Japan’s economy expanded at the slowest pace in three quarters. GDP rose an annualized 0.4% in the three months ended June 30 from a revised 4.4% expansion in the first quarter, the Cabinet Office said in Tokyo.
Profits of exporters from Toyota and Honda car manufacturers are at threat from the Yen’s advance to a 15-year high against the US dollar. Moderating growth may pressure the Bank of Japan to ease monetary policy to spur the expansion and stamp out deflation as the nation’s public debt, the world’s largest, constrains the government’s ability to do so.
Prime Minister Naoto Kan said he is concerned about the rising Yen, Kyodo News reported on August 14. Japan’s currency may climb to a record, Eisuke Sakakibara, formerly Japan’s top currency official, said on the Fuji television network.
The strengthening currency prompted Finance Minister Yoshihiko Noda to say last week “excessive” moves can hurt the economy; remarks that helped the currency pare its gains. He pledged to work with Bank of Japan Governor Masaaki Shirakawa, who said in a statement the bank is closely watching “substantial” movements in foreign-exchange and stock markets.
“If the Japanese economy is forced to create a production structure based on 85 Yen to the dollar, that would be disastrous,” as the nation wouldn’t earn enough from exports to pay for commodities from overseas, Honda Motor Co, Chief Financial Officer Yoichi Hojo said.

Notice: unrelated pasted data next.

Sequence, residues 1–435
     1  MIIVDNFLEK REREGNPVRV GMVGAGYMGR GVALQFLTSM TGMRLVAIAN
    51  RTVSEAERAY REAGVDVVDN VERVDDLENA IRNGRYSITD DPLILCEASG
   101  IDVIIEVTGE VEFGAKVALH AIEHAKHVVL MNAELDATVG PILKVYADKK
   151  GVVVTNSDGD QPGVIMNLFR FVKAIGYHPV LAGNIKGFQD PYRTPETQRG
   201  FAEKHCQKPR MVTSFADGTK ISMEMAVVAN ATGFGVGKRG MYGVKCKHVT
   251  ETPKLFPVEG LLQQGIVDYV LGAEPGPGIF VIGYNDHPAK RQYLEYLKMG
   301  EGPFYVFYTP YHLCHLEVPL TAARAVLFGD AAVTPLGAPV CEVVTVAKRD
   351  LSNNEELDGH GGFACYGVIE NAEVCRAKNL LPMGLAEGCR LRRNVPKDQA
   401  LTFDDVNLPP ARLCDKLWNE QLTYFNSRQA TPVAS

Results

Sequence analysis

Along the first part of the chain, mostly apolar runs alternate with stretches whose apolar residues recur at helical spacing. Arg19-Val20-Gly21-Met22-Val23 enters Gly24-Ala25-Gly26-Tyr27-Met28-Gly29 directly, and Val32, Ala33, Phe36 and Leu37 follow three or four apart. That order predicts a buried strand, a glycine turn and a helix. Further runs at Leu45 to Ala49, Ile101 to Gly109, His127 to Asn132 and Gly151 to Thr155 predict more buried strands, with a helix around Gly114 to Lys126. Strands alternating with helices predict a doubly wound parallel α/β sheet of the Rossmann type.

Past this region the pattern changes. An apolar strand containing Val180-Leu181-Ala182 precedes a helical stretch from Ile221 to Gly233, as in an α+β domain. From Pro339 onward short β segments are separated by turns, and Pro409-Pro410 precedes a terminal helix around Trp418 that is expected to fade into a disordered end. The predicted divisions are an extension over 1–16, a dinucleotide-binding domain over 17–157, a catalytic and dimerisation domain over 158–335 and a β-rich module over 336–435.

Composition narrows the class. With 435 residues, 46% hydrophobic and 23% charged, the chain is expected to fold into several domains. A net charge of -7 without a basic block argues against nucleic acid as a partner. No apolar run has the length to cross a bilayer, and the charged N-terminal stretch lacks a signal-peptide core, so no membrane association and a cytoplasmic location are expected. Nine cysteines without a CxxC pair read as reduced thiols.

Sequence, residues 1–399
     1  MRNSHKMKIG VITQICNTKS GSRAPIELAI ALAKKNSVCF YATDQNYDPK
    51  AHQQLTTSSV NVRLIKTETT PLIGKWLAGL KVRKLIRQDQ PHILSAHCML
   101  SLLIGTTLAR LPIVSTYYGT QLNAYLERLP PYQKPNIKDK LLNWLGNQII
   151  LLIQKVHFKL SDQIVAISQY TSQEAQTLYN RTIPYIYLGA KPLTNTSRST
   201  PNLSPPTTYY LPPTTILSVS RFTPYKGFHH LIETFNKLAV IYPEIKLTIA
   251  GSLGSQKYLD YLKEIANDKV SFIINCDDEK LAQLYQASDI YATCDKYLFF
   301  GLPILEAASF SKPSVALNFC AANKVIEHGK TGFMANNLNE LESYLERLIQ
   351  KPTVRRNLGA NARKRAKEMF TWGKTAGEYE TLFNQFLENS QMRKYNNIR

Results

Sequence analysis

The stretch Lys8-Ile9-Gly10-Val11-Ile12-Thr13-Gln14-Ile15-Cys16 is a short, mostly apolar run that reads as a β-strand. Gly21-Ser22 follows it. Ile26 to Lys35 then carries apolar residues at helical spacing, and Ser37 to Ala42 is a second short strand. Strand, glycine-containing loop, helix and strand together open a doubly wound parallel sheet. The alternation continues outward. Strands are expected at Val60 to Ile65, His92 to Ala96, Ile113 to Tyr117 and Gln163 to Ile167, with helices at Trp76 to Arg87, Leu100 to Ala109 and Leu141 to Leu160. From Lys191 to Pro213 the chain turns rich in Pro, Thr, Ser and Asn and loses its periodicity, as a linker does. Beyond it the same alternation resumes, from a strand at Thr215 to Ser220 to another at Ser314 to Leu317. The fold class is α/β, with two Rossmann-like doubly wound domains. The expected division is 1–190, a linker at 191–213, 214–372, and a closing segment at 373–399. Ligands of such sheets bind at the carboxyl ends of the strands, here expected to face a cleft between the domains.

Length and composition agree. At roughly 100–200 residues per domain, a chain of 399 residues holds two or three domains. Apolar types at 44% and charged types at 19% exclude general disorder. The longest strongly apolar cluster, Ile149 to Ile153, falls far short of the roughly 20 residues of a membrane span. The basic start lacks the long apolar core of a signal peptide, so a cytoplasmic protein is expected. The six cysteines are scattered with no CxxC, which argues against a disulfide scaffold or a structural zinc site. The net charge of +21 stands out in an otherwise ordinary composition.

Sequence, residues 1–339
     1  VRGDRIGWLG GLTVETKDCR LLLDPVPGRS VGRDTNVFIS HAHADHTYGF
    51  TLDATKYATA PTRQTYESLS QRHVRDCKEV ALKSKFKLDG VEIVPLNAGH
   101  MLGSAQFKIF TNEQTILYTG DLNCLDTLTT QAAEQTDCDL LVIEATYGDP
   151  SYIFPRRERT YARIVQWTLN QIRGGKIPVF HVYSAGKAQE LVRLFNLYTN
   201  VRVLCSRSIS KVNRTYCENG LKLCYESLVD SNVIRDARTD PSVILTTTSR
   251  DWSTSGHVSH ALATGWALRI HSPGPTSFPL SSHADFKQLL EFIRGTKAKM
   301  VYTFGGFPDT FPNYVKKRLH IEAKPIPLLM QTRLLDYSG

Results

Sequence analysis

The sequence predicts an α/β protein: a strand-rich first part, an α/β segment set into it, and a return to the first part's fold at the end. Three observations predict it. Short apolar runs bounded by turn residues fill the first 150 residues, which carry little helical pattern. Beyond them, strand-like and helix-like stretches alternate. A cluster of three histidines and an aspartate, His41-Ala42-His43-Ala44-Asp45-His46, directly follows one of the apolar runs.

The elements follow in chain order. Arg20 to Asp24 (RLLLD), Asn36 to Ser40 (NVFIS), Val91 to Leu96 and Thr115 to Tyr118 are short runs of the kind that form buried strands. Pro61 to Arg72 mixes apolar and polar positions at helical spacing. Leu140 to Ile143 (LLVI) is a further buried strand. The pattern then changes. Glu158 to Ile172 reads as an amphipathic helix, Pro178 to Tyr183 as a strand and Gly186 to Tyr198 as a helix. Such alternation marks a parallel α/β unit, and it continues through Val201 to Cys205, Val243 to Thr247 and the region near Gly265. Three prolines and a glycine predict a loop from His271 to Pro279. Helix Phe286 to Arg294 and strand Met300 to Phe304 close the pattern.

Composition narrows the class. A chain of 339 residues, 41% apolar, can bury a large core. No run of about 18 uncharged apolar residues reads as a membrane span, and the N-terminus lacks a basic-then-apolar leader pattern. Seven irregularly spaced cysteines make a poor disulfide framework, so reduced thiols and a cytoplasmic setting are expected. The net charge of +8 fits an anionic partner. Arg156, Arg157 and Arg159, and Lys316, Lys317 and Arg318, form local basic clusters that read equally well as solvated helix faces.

The BOJ introduced a fixed-rate lending facility last December after the Yen surged and stocks plunged. The program was doubled to 20 trillion Yen in March. The central bank has kept the benchmark interest rate at 0.1% since lowering it in December 2008.
The government has been offering shoppers incentives to buy energy-efficient cars and electronics to support the economy. The measures have helped spur consumer spending, which accounts for more than half of the economy and some are scheduled to expire this year.
The slowdown in the second quarter contrasts with reports from Japan’s biggest companies that signalled a better earnings outlook, even as the Yen surges. Toyota, Honda, Sony and Panasonic Corp. were among firms that raised profit forecasts over the past month.
Slower growth may undermine Kan’s efforts to reduce the world’s largest public debt. Kan’s focus on fiscal discipline has irked members of his ruling Democratic Party of Japan, which lost an upper-house election in July after he said he will consider doubling the country’s sales tax to 10%.
Kan has pledged to cap bond sales and spending for the next three years to prevent the country’s finances from collapsing.